Change search
CiteExportLink to record
Permanent link

Direct link
Cite
Citation style
  • apa
  • harvard1
  • ieee
  • modern-language-association-8th-edition
  • vancouver
  • Other style
More styles
Language
  • de-DE
  • en-GB
  • en-US
  • fi-FI
  • nn-NO
  • nn-NB
  • sv-SE
  • Other locale
More languages
Output format
  • html
  • text
  • asciidoc
  • rtf
Meanings of existential uncertainty and certainty for people diagnosed with cancer and receiving palliative treatment: A life-world phenomenological study
University of Stavanger.
Ersta Sköndal University College, Palliative Reserch Centre, PRC.
2014 (English)In: BMC Palliative Care, ISSN 1472-684X, ISSN 1472-684X, Vol. 13, no 28Article in journal (Refereed) Published
Abstract [en]

Background

Many people around the world are getting cancer and living longer with the disease. Thanks to improved treatment options in healthcare, patients diagnosed with advanced gastrointestinal cancer can increasingly live for longer. Living with cancer creates existential uncertainty, but what does this situation mean for the individual? The purpose of the study is to interpret meanings of existential uncertainty and certainty for people diagnosed with advanced gastrointestinal cancer and receiving palliative treatment.

Methods

This study is part of a larger project in which 7 men and 7 women aged between 49 and 79 participated in a study of information and communication for people with advanced gastrointestinal cancer. A total of 66 interviews were conducted with participants who were followed up over time. The narrative interviews were transcribed verbatim and the texts were analysed in three steps: naive reading, structural analysis and interpreted whole by utilizing a phenomenological life-world approach.

Results

This study has identified different spheres in which people diagnosed with advanced gastrointestinal cancer vacillate between existential uncertainty and certainty: bodily changes, everyday situations, companionship with others, healthcare situations and the natural environment. Existing in the move between existential uncertainty and certainty appears to change people’s lives in a decisive manner. The interview transcripts reveal aspects that both create existential certainty and counteract uncertainty. They also reveal that participants appear to start reflecting on how the new and uncertain aspects of their lives will manifest themselves –a new experience that lays the foundation for development of knowledge, personal learning and growth.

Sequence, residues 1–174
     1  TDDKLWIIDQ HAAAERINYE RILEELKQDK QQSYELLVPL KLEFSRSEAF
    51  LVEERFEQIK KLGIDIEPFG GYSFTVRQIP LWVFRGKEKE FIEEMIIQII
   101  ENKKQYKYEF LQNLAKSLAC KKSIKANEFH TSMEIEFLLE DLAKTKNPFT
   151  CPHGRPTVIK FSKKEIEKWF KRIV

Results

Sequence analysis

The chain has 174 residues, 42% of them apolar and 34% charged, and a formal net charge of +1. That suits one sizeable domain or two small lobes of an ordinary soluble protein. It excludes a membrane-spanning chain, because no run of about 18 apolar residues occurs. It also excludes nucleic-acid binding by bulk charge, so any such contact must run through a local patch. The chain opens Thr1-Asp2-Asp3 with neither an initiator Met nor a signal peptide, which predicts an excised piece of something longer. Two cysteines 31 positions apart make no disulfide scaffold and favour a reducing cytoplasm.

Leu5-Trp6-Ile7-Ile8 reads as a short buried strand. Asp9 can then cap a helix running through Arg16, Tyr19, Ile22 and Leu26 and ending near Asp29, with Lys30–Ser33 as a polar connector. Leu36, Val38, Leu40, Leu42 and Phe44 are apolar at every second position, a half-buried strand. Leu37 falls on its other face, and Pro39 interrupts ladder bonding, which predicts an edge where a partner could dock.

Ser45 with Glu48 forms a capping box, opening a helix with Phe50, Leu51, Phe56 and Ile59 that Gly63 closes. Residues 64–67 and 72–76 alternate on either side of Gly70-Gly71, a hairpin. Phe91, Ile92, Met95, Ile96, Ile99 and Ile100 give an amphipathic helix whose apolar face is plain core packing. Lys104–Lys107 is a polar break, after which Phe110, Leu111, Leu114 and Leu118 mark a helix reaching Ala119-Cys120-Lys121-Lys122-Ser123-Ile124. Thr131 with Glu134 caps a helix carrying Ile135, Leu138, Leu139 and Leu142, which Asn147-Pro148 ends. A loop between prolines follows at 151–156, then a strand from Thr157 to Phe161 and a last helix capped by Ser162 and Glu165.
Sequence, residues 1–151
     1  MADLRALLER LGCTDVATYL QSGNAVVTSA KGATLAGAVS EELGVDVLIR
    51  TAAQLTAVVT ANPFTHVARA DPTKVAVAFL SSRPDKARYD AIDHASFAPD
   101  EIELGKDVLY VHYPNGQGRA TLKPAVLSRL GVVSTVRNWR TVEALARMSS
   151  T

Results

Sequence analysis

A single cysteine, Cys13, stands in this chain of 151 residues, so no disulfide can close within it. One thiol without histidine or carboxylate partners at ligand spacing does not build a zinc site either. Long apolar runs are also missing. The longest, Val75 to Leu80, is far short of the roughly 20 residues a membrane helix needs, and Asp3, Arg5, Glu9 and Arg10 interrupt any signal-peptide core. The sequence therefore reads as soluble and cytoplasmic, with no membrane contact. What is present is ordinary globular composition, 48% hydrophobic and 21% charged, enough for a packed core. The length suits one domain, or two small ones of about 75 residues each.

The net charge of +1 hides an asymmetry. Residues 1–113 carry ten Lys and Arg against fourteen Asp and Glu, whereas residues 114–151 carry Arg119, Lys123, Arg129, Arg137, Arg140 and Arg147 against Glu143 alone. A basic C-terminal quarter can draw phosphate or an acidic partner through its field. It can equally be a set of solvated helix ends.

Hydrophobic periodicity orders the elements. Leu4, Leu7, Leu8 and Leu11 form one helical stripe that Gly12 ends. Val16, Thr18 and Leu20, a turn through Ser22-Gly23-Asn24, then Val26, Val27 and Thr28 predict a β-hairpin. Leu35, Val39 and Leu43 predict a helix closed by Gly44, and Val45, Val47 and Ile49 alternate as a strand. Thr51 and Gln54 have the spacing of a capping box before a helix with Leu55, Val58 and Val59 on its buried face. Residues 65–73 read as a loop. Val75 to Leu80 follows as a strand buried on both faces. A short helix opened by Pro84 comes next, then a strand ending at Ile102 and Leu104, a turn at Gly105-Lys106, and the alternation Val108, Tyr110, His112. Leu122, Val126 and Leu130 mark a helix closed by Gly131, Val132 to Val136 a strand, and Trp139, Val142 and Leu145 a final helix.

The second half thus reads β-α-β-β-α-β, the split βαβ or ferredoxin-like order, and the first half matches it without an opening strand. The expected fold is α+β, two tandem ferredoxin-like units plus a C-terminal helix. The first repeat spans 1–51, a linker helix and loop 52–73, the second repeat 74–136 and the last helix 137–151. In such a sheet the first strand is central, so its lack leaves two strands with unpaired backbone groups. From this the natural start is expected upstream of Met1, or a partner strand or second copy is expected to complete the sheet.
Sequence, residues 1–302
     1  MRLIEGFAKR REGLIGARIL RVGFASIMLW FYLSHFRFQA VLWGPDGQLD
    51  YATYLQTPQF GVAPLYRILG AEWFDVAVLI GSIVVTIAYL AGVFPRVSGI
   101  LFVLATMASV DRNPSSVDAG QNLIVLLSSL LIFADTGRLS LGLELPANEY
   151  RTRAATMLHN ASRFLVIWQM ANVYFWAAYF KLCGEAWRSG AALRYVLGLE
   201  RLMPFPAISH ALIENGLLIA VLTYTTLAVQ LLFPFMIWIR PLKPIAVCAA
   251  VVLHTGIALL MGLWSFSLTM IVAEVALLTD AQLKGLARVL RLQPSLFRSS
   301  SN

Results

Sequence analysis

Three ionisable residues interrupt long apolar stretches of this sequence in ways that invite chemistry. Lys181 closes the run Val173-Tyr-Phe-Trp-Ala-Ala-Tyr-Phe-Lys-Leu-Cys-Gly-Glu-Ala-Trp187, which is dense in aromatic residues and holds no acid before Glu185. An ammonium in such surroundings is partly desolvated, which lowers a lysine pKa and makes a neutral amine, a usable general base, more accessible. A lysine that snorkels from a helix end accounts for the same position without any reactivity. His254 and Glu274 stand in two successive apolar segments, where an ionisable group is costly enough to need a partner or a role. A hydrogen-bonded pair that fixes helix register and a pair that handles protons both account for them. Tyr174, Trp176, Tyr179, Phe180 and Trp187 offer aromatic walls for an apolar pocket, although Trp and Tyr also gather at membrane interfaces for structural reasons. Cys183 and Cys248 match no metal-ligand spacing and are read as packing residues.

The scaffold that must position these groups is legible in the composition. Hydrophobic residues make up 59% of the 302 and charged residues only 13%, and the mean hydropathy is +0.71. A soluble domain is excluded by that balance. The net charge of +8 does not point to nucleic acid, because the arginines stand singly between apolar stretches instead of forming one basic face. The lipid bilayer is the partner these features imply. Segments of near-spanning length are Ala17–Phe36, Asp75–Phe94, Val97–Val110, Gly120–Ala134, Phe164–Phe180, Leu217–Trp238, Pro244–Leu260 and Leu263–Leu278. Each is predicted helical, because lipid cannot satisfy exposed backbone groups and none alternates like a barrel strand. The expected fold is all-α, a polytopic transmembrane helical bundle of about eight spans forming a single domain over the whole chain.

Conclusions

People diagnosed with advanced gastrointestinal cancer and receiving palliative care expressed thoughts about personal learning initiated by the struggle of living with an uncertain future despite their efforts to live in the present. Their personal learning was experienced through a changed life for themselves and having to confront their own pending death and develop self-insight regarding finality of life. Healthcare professionals can try to support people receiving palliative treatment for cancer by diversifying avenues for their personal growth, thus helping them manage their existential uncertainty and gravitate towards greater existential certainty.

Place, publisher, year, edition, pages
BioMed Central, 2014. Vol. 13, no 28
National Category
Medical and Health Sciences
Identifiers
URN: urn:nbn:se:esh:diva-3952DOI: 10.1186/1472-684X-13-28OAI: oai:DiVA.org:esh-3952DiVA: diva2:728541
Available from: 2014-06-24 Created: 2014-06-24 Last updated: 2014-10-03Bibliographically approved

Open Access in DiVA

No full text

Other links

Publisher's full texthttp://www.ncbi.nlm.nih.gov/pmc/articles/PMC4059734/pdf/1472-684X-13-28.pdf

Search in DiVA

By author/editor
Öhlén, Joakim
By organisation
Palliative Reserch Centre, PRC
In the same journal
BMC Palliative Care
Medical and Health Sciences

Search outside of DiVA

GoogleGoogle Scholar

Altmetric score

Total: 58 hits
CiteExportLink to record
Permanent link

Direct link
Cite
Citation style
  • apa
  • harvard1
  • ieee
  • modern-language-association-8th-edition
  • vancouver
  • Other style
More styles
Language
  • de-DE
  • en-GB
  • en-US
  • fi-FI
  • nn-NO
  • nn-NB
  • sv-SE
  • Other locale
More languages
Output format
  • html
  • text
  • asciidoc
  • rtf